"The big news in Albania," says Besnik Duraj, Partner at Drakopoulos, "not just in the legal market, but in the social and economic areas as well, is the ongoing struggle with judicial reform."
"The country", Duraj reports, "has been dealing with these problems almost since the beginning of Democracy." Even this current push towards reform is sliding towards failure, and Duraj's frustration with the inevitable delays, finger-pointing, and politicizing of the process is palpable. "This is not a really a new thing," he says with a sigh. "We’ve been struggling with this current process for at least two years now." According to Duraj, the country’s reputation for judicial corruption, lack of transparency, and lack of predictability is the biggest obstacle to moving talks about potential EU membership forward, and the market risks and inconsistent (and unreliable) law enforcement is the reason foreign investment in the country continues to lag. “So this is our country's number one priority," he says.
Still, and despite its importance, the actual process of addressing the necessary reform remains, unfortunately, highly politicized, which Duraj describes as "the no. 1 problem." Indeed, he notes that the Constitutional amendments alone took 18 months to pass — and even that only came after substantial international pressure. In addition, he reports, "what started as a technical matter, day by day turned into a political matter." The result, he said, is unsurprisingly muddy. "We know it’s not very clear when lawyers draft — you can imagine how bad it gets when politicians do it!"
Staying on the topic, Duraj also pointed to a shocking lack of transparency in the process, with the actual draft laws being debated very difficult to find. "Lawyers should be part of the solution," he says, unhappily, "but we are often seen by society as part of the problem. We have a passive role in the process, and it’s a pity."
"If even the constitutional process took 18 months …" he says, trailing off, before picking up with a combination of black humor and frustration: "And we still have 40 laws to debate! And we’re still discussing only the first seven!"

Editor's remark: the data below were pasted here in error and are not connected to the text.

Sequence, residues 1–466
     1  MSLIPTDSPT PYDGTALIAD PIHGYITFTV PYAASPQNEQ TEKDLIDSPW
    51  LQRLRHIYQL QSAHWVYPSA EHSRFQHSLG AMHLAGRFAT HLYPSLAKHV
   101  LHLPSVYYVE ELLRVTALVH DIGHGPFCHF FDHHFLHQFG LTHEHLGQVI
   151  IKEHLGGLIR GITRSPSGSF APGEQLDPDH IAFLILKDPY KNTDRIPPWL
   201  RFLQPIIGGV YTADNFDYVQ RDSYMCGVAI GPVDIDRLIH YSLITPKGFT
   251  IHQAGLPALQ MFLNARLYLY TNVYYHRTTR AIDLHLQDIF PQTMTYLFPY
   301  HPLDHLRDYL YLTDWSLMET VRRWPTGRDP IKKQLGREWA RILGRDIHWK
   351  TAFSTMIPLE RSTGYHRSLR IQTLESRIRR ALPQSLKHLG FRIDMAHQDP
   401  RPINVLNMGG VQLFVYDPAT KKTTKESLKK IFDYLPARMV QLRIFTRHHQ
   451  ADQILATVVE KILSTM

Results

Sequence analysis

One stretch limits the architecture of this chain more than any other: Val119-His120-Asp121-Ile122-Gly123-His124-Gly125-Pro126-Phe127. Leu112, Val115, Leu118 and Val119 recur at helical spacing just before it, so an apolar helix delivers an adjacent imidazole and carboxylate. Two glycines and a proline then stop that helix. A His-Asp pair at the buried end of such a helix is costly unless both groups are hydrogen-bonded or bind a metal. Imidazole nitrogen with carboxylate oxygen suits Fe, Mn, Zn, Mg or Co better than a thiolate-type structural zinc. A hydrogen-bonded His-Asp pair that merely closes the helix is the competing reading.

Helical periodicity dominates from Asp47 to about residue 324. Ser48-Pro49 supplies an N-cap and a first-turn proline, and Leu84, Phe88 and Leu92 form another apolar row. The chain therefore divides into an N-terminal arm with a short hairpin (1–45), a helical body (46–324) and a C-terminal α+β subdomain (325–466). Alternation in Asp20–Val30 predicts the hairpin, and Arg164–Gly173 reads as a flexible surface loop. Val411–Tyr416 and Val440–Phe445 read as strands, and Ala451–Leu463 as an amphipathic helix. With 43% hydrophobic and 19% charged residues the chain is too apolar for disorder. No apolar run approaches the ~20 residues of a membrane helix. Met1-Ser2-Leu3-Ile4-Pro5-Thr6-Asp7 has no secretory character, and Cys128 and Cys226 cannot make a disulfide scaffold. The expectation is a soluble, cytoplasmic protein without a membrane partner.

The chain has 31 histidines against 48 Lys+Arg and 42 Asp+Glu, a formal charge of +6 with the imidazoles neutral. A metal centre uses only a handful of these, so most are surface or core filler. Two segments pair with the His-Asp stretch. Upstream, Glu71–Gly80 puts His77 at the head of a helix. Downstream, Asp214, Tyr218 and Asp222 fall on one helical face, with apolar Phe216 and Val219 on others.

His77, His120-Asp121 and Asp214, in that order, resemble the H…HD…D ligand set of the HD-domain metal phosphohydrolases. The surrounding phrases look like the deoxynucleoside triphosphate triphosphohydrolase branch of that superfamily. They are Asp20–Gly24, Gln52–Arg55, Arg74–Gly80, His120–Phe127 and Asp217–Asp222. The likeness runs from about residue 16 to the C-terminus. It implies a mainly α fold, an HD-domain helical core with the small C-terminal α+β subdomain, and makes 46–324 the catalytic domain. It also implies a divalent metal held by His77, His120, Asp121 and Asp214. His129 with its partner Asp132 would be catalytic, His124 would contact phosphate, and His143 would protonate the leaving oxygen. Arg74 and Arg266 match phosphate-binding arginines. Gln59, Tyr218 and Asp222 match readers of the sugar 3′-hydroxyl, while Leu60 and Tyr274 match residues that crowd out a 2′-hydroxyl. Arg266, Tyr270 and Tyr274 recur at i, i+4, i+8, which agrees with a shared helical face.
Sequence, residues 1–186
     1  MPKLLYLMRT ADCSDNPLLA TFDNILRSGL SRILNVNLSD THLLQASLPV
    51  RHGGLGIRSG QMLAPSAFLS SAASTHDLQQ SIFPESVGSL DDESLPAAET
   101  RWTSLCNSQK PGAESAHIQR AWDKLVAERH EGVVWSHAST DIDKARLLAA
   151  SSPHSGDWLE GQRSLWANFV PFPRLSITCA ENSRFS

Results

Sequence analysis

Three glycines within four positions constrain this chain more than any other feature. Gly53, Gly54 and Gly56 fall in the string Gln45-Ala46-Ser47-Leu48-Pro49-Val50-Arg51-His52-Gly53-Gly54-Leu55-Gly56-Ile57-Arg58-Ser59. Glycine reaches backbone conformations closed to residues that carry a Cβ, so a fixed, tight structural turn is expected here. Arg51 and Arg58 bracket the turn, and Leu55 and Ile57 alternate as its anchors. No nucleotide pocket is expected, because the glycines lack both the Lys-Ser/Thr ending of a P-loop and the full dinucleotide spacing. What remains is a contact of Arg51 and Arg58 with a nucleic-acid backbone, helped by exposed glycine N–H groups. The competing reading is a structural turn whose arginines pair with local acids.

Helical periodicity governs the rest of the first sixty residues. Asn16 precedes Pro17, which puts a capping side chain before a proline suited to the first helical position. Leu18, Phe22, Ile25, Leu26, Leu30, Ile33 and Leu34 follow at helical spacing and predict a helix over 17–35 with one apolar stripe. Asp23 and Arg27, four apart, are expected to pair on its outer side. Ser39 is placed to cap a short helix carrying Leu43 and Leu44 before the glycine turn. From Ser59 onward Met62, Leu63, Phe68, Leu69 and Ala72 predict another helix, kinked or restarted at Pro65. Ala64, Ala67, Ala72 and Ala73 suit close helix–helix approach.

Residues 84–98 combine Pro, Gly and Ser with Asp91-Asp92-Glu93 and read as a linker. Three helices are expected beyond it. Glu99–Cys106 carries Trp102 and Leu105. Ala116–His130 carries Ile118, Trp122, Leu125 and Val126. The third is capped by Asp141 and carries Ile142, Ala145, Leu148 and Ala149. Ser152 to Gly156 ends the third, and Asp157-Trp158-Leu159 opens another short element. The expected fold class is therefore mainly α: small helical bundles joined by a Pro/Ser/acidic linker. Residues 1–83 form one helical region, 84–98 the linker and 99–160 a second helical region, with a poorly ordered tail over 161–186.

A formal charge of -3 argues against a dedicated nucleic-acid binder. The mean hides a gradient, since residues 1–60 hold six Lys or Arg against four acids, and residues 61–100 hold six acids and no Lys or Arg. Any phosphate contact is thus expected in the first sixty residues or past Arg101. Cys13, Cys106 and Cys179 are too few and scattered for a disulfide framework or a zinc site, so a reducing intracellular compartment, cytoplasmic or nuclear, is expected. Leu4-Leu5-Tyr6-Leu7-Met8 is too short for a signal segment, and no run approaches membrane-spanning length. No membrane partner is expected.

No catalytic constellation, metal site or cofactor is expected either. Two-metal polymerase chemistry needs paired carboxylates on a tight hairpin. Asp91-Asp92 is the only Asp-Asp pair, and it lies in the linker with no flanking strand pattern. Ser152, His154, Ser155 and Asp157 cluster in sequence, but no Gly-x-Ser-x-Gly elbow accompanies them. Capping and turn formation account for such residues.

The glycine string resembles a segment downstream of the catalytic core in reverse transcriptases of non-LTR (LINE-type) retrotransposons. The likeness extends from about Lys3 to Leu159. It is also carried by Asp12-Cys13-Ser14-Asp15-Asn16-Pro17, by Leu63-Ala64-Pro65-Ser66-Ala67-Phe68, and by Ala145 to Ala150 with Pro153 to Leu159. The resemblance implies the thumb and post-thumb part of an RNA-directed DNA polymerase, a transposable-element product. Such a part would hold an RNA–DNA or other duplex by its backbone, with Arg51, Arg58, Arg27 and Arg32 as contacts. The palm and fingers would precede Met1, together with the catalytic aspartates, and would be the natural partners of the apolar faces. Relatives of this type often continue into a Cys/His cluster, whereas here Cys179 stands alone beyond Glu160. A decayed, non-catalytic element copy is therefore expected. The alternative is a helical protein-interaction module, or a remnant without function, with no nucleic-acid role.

All of this, he says, delays the foreign investments the country so desperately needs. "And this is what bothers me," he says, "because this country has a lot to offer, and we are waiting for serious Western investors. And they are waiting for the country to be able to provide a secure market, financially and legally."
Otherwise, he says, there’s nothing really new to report. He’s not seeing so much M&A in the country, but he describes the energy sector as extremely busy, as the country’s Central Bank has reported that about 60% of all foreign investments in Q2 2016 were concentrated in major energy projects — 24% more than the same period a year ago. Mainly concession projects, Duraj reports, but also some privatizations and capital injection in building up hydro-power plants and putting the necessary infrastructure into place, as "the country is not yet at the stage where it’s all built up and energy can be sold."
There are some other industries going well too, he says, pointing towards exports in the garment and footwear industry, compared to the extracting industry, which has had a drastic decrease in investment recently. Client service, call centers, joint centers for data processing, technology information services are all strong as well, he reports, and "all seem not to be too affected by the crisis or the other political issues we’re facing."
"But also litigation," he says with a laugh. "I don’t think there’s ever a period where litigators aren’t busy."
In “The Buzz” we interview experts on the legal industry living and working in Central and Eastern Europe to find out what’s happening in the region and what legislative/professional/cultural trends and developments they’re following closely.